Millsap described one kind of problem that he might be asked to tackle. 


“One customer had a staining issue with their product,” he said. “Their product is white, but had steam and cooling water that would regularly touch the product so they would randomly have small stains—a yellow staining area. It was very small and difficult to see at times, but it was ongoing for about 15 years. Through a combined effort and after several visits, we discovered that the staining was a result of an incompatibility between some chemical water treatment from the previous vendor. We made some changes and found that the stain got worse. This helped us to isolate the problem. Prior to 2012 it was completely random. They could not increase or decrease the amount of staining, nor could they affect it adversely or positively. We were able to adversely affect it, which helped us identify the incompatibility issue with some of the chemicals they were adding to their water. We removed the chemical and now the stain has not resurfaced for the past 4-plus years.” 


Millsap’s process for problem solving is simple, but precise. 


“First, we try to understand the whole process, not only the water, but what outside influences are impacting the problem area,” he explained. “Then we determine if there is direct or indirect contact. So the focus begins inward and then expands outward. We try to discover what are the potential sources of impact. One at a time, we try to make changes on the direct contact, and wait to see how it impacts the issue. If you make a change, you have to give it some time to take effect. Sometimes we wait 24 hours, for example. If we don’t get a change or response, we try something else. It’s important to not change more than one thing at a time, because then you can’t identify the problem. The key is isolating the problem.” 


Problem Solving Valves


In the water treatment industry, Millsap said he mainly works with blowdown valves—which is a generic term for a needle valve, or a ball valve, or a gate valve. These valves are generally electronically actuated in contrast to a hand valve.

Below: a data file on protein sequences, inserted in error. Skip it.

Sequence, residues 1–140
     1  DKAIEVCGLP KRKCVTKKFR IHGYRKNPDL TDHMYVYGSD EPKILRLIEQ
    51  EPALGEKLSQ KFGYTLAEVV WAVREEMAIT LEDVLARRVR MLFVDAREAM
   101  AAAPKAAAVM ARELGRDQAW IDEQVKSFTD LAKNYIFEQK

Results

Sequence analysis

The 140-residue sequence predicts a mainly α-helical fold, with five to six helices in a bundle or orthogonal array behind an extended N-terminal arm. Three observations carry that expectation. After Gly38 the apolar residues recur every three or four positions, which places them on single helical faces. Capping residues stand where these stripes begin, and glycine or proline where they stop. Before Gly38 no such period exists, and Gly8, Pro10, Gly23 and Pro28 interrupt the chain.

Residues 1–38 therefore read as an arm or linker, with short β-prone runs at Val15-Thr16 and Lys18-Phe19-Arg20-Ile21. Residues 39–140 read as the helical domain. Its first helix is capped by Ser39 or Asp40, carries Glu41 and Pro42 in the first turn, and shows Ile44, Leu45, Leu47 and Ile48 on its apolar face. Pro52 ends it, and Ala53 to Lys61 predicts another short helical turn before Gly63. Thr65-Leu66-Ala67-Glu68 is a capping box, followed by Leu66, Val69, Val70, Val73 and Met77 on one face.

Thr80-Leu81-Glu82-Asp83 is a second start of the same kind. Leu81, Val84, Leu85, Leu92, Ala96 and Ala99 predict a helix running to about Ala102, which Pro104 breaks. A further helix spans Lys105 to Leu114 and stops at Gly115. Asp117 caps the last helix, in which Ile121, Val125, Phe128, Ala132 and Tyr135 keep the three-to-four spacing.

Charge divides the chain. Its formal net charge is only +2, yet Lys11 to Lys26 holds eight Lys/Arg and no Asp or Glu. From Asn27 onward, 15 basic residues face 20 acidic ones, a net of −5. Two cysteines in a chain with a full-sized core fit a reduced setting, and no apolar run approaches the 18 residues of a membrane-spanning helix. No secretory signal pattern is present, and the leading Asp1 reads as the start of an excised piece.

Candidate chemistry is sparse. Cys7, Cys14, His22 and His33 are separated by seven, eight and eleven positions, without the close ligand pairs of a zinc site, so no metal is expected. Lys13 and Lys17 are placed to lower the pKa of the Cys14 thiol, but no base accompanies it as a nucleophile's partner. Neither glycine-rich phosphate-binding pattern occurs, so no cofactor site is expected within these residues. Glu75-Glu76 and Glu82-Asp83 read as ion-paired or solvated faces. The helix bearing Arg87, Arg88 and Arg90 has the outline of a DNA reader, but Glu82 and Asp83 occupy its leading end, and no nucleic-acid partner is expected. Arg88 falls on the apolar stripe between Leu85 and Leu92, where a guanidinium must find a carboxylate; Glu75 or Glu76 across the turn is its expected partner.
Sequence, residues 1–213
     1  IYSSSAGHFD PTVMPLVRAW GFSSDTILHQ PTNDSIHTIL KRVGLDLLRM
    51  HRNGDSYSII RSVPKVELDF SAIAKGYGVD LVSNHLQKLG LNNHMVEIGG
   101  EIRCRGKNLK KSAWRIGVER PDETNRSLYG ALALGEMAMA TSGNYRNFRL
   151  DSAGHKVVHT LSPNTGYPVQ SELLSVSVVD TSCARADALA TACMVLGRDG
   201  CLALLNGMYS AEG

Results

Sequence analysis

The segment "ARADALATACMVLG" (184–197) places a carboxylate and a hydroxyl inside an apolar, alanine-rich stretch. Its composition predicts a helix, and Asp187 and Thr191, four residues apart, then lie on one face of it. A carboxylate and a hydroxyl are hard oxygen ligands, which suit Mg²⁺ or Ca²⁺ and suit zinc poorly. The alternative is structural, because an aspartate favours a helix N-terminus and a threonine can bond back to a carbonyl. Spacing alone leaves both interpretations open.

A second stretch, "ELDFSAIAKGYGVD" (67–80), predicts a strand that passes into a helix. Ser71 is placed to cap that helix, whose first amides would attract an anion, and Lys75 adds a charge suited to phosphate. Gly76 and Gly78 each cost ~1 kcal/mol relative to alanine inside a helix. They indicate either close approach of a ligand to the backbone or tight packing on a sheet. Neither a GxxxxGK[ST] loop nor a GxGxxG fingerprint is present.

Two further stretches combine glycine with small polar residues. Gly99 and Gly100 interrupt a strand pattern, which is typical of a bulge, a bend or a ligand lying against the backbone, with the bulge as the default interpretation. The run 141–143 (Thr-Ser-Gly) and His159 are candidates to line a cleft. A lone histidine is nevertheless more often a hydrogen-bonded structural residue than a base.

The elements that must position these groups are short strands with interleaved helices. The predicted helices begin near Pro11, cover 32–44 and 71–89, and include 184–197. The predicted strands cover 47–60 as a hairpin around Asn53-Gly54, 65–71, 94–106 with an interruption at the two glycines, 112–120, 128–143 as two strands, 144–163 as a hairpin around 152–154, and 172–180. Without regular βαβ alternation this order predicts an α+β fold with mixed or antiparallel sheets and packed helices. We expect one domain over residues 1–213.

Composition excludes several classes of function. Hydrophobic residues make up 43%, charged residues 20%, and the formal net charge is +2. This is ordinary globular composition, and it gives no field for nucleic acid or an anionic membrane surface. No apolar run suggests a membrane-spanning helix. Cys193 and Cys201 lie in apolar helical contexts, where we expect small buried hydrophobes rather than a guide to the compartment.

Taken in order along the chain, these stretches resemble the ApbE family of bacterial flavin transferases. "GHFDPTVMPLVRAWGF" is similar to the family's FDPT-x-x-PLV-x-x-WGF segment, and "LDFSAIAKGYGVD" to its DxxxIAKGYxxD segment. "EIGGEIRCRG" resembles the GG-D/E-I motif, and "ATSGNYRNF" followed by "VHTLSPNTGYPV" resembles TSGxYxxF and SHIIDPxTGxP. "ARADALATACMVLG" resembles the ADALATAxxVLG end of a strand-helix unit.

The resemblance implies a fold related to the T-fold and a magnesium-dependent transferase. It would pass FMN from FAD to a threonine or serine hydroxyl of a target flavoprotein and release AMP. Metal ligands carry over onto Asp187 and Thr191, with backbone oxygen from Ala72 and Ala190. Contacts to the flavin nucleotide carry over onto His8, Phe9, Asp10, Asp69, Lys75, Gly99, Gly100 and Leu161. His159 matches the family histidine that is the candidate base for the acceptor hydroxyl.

“A blowdown releases water from a cooling tower or a boiler system to let the old concentrated water out and let some other sort of city water or fresh water in,” he said. “We use these often in our industry. Cooling towers have very low pressure and let the water out of the basin or the recirculation line, which usually run around 60 psi. It’s typically a solenoid-actuated ball valve that will open, then the equipment will read the conductivity of the water and tell the valve to close. Some of the problems we run into are debris and other foreign objects getting caught in the ball valve and not allowing it to close all the way properly. Sometimes it’s a diaphragm or piston valve that will have the same issue with debris. We have to troubleshoot to understand why the conductivity is low because generally some water is still getting through. We try to install these so the end of the pipe at the drain is visible.” 


Boilers are more complicated, he said, because of the high temperatures and high pressure. There are two types of blowdowns on a boiler. 

  1.  1. An automated valve that blows down surface water (usually a ball valve on the bottom so you can do a boiler-bottom blowdown to get all the sludge that has settled in the bottom. This is typically hand operated for 2-3 seconds, 1-2 times a day. 
  2.  2. Electronic valve.


“The biggest issue is the solenoid mechanism can go bad,” he said. “Over time, the seats or diaphragms get stale (deteriorate) or get corroded. Ball valves typically are pretty robust and the water going through them is already treated, so corrosion is not likely. We specify stainless steel balls with Teflon seats. These are robust and last a long time. Most industrial ball valves use these materials.” 


Problem Solving Pumps


The standard pumps that Millsap’s company uses for chemical injection are peristaltic pumps.